People who haven't had chickenpox and are exposed to an ill family member should get vaccinated within five days to reduce the risk of developing the disease, says a new study.
The study conducted by Dr. Maria Brotons and colleagues of Hospital Universitario Vall d'Hebron, Barcelona tested with "postexposure prophylaxis," a process of giving chickenpox (varicella) vaccine after exposure to the disease, in 67 patients.
The patients, including 21 children, were exposed to a family member with chickenpox. All patients received commercially available chickenpox vaccine within five days after exposure.
According to previous studies, it was estimated that 58 of the 67 patients would get sick after being exposed to chickenpox.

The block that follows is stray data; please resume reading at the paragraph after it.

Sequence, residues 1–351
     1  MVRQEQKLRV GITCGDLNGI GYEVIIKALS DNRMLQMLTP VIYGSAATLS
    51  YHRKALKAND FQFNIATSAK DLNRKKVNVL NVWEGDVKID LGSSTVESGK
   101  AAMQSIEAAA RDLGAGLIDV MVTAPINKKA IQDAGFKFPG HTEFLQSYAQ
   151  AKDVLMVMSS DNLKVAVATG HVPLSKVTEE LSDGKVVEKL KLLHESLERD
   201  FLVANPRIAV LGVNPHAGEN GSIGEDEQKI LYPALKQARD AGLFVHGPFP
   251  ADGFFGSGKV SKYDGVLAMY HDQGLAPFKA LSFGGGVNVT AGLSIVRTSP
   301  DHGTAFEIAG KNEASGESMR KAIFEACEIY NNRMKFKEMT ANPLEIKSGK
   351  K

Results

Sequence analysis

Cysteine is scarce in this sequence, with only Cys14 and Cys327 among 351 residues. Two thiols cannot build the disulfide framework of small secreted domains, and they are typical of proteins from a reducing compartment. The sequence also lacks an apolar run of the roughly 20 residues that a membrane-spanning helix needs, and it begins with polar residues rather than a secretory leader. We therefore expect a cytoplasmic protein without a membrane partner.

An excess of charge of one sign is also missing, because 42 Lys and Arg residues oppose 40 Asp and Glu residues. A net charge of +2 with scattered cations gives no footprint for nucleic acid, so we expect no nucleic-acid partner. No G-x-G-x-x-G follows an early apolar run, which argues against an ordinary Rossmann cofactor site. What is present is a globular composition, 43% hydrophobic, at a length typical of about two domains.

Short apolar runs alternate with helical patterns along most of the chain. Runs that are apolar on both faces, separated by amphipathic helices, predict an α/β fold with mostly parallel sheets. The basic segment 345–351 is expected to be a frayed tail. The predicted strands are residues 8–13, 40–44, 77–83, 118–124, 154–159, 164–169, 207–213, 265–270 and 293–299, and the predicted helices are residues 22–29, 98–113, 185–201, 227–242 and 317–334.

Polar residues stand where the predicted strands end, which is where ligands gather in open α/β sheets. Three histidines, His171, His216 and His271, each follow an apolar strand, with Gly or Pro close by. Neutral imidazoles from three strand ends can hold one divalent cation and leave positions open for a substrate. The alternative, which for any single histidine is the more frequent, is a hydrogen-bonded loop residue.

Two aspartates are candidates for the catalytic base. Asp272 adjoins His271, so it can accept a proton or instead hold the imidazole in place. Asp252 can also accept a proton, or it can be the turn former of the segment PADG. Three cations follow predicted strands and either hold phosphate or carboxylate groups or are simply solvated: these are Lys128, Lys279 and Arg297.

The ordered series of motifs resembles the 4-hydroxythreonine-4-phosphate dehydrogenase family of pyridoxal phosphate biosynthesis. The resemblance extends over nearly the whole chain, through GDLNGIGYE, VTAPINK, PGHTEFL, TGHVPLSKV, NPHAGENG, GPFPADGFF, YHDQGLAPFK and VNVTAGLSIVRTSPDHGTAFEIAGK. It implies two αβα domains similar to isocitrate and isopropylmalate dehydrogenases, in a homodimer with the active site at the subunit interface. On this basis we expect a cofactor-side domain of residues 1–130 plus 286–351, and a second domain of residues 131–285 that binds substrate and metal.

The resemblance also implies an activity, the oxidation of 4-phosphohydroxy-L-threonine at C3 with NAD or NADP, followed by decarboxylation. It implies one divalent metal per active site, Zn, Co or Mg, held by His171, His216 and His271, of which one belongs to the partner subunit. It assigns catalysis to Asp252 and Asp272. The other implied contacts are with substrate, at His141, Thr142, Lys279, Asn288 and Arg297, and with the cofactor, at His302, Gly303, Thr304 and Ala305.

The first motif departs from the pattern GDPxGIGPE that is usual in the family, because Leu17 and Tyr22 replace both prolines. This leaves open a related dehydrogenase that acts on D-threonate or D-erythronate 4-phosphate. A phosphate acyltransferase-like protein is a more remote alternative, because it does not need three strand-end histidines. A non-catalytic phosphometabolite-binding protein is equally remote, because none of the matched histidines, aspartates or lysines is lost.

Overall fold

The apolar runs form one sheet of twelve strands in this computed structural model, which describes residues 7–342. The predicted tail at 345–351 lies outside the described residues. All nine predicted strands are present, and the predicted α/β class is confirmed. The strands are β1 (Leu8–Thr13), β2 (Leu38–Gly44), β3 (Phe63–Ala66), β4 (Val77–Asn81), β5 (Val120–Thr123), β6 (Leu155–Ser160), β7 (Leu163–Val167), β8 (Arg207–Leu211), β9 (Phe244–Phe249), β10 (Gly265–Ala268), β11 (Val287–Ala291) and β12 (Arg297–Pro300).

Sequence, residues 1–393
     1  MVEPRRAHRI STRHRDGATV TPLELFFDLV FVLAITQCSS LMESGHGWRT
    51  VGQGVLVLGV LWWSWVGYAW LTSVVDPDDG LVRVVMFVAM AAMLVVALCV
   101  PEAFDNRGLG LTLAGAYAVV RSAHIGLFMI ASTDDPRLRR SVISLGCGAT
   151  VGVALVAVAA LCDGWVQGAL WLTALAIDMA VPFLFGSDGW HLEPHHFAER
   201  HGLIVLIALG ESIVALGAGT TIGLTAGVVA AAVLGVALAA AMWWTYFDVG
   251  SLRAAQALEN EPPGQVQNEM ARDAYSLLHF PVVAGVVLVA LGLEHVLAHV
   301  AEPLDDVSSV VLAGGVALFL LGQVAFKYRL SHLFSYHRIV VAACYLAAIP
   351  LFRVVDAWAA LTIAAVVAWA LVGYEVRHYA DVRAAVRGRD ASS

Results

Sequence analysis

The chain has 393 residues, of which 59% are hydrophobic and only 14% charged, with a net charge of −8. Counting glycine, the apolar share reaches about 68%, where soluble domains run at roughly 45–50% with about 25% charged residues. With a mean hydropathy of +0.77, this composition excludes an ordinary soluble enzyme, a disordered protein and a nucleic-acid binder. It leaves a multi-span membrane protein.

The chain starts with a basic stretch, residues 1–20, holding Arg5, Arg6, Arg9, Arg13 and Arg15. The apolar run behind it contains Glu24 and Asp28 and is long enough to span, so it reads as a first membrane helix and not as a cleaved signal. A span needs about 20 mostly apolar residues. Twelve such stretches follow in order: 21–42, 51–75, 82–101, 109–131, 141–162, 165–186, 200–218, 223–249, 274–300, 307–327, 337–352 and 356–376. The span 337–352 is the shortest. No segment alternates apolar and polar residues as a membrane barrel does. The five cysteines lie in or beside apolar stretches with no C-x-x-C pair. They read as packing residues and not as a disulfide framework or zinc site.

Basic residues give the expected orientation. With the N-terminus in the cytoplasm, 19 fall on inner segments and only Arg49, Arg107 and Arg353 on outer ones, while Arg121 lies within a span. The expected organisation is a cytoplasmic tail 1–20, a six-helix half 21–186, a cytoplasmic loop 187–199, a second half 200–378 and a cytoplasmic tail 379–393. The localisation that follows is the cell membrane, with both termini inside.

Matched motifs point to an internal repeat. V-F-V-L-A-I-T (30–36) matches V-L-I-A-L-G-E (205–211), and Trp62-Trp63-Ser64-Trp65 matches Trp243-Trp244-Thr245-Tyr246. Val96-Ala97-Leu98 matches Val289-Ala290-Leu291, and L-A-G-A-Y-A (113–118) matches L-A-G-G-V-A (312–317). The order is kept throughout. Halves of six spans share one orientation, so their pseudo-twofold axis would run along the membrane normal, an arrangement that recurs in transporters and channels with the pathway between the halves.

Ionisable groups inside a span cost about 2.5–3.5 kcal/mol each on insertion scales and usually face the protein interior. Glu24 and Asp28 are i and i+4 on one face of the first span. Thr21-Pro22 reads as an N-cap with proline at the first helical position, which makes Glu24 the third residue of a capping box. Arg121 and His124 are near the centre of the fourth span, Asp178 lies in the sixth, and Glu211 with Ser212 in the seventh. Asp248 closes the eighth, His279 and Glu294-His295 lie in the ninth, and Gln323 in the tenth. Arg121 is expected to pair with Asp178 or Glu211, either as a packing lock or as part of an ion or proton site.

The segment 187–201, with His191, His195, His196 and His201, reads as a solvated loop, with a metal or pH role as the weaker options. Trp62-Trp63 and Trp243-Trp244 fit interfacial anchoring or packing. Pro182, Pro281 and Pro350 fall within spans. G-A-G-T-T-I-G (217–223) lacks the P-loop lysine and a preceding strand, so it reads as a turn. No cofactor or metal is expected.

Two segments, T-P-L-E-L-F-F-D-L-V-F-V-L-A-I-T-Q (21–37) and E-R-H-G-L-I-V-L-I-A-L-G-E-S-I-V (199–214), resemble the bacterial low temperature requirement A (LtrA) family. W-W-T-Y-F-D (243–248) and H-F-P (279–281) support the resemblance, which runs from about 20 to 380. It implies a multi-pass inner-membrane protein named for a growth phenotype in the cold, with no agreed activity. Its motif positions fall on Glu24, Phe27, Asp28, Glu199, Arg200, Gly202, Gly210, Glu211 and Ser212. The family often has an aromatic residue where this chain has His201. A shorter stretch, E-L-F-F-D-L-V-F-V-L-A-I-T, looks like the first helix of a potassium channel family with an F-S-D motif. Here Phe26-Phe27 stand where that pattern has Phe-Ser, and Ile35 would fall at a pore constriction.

However, only 22 patients developed the disease after being vaccinated. Thus vaccination after exposure was about 62 percent effective in preventing chickenpox.
And, even when the disease did develop, it was mild to moderate in all cases.
Also, there was no difference in effectiveness between children and adults, or between patients vaccinated at different times after exposure up to 5 days post-exposure.
The study has been published in the January issue of The Pediatric Infectious Disease Journal.